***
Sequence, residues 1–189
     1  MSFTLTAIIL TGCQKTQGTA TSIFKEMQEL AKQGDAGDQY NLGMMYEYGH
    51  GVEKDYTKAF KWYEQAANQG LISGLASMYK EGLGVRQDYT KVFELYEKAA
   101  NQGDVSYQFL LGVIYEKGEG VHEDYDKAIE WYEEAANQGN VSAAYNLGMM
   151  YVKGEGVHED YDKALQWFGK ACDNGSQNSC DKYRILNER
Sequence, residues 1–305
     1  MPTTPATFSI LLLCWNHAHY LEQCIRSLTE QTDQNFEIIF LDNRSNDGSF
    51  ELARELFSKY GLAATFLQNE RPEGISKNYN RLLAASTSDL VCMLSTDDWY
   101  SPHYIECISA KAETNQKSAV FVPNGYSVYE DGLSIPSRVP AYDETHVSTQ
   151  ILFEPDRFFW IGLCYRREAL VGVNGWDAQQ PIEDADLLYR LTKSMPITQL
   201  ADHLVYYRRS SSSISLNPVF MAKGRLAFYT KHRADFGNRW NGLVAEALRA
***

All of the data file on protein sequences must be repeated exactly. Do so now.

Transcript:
Sequence, residues 1–189
     1  MSFTLTAIIL TGCQKTQGTA TSIFKEMQEL AKQGDAGDQY NLGMMYEYGH
    51  GVEKDYTKAF KWYEQAANQG LISGLASMYK EGLGVRQDYT KVFELYEKAA
   101  NQGDVSYQFL LGVIYEKGEG VHEDYDKAIE WYEEAANQGN VSAAYNLGMM
   151  YVKGEGVHED YDKALQWFGK ACDNGSQNSC DKYRILNER
Sequence, residues 1–305
     1  MPTTPATFSI LLLCWNHAHY LEQCIRSLTE QTDQNFEIIF LDNRSNDGSF
    51  ELARELFSKY GLAATFLQNE RPEGISKNYN RLLAASTSDL VCMLSTDDWY
   101  SPHYIECISA KAETNQKSAV FVPNGYSVYE DGLSIPSRVP AYDETHVSTQ
   151  ILFEPDRFFW IGLCYRREAL VGVNGWDAQQ PIEDADLLYR LTKSMPITQL
   201  ADHLVYYRRS SSSISLNPVF MAKGRLAFYT KHRADFGNRW NGLVAEALRA